16. Contact a Professional
If a fox has taken up residence under your shed, porch, deck, or home, calling a professional for assistance is always an option. Along with safely removing the fox, they can make sure that any pups – if they are present – are also successfully caught and relocated.
Additionally, professionals can recommend ongoing deterrents or exclusion methods based on your specific situation. As a result, they’re a valuable source of guidance if you aren’t certain which strategies will work best on your property.
What Smells Do Foxes Hate?
Several scents work well as fox deterrents. White vinegar produces a strong odor unpleasant to many types of wildlife, including foxes. Spicy peppers are another option, as well as citrus.
Peppermint oil is another smell that keeps various animals and pests away. Ammonia and predator urine not only have strong odors but may also be interpreted as signs of danger by foxes, which also discourages foxes from sticking around.
Do Coffee Grounds Deter Foxes?
Coffee grounds are often placed around garden plants as a scent-based deterrent and an option for potentially improving aeration and drainage. However, coffee grounds aren’t particularly effective in keeping foxes away from your property. Since that’s the case, choosing another option is better if you’re looking for a scent-based deterrent.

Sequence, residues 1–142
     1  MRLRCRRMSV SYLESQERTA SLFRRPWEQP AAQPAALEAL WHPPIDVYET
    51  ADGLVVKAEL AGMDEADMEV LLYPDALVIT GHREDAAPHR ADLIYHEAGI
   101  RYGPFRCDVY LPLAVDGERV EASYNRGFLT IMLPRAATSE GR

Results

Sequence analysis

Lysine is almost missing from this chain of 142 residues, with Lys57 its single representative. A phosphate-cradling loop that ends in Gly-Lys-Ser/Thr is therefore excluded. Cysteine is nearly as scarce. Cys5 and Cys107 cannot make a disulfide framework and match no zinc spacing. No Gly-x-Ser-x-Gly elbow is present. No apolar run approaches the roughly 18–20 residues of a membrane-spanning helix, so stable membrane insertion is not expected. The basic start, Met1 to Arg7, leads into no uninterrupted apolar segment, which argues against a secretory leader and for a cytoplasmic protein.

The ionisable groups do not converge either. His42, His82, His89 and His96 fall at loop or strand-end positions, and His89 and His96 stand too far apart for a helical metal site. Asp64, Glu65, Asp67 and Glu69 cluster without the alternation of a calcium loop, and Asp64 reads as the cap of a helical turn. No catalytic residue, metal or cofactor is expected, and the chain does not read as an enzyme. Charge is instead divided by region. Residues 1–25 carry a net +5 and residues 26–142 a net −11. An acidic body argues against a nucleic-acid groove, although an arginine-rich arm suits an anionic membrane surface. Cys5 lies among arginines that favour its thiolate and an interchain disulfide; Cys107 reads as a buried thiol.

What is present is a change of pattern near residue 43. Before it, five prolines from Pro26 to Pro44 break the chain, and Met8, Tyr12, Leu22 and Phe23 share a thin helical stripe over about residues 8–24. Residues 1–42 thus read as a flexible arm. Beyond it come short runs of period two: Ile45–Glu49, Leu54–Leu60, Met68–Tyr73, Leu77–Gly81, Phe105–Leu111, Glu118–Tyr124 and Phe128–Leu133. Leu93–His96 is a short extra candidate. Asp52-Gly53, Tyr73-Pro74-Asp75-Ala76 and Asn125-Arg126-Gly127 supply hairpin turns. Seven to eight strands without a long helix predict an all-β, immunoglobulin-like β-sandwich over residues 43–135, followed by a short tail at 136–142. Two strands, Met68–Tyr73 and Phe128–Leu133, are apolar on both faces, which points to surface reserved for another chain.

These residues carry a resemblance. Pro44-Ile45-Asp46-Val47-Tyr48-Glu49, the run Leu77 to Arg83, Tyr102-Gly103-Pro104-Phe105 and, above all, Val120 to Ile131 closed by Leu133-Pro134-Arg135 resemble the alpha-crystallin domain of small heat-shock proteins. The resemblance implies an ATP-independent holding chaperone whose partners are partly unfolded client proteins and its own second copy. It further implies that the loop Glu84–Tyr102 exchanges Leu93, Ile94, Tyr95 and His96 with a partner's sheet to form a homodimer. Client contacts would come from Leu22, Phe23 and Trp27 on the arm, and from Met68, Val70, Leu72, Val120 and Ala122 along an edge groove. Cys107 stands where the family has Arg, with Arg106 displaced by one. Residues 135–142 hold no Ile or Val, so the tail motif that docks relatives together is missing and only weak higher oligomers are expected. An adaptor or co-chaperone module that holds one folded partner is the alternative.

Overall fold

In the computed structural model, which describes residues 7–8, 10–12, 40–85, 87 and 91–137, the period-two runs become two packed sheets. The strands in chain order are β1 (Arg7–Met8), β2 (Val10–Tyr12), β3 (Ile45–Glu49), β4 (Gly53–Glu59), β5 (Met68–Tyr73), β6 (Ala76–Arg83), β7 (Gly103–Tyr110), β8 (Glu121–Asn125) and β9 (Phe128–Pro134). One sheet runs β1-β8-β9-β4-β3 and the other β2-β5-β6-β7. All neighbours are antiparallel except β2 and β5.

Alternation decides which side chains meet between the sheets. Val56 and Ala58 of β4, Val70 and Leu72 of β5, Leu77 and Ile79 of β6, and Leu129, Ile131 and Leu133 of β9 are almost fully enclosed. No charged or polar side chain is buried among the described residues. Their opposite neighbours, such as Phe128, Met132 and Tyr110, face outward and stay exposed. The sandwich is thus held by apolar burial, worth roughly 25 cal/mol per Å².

Will Mothballs Keep Foxes Away?
Mothballs produce a potent odor, which may deter some wildlife. However, mothballs are toxic. They can contaminate food and water sources and poison people, pets, and other wildlife.
Additionally, many cities, counties, and municipalities have restrictions on the use of mothballs. Mothballs are technically a pesticide, and improper use can trigger legal penalties. As a result, if using them in a manner other than what’s listed on the label is necessary to deter the foxes, placing the mothballs could violate the law.
Does Bleach Deter Foxes?
Bleach may temporarily mask scent markers made by foxes, and it has a strong odor. However, bleach isn’t the best deterrent for foxes.
The scent of bleach isn’t long-lasting, so using it as a scent-based deterrent is typically cumbersome, as reapplying often is usually necessary. Additionally, bleach isn’t the safest chemical to use. It can harm people, pets, and plants, so it’s typically better to focus on other solutions.
Best Way to Get Rid of Foxes
Generally, deterrents and exclusion are the best way to get rid of foxes that are trying to take up residence on your property. Eliminate food and water sources, as well as potential shelters. Then, apply scent-based deterrents or use motion-activated ones, and consider calling a professional if the situation doesn’t resolve.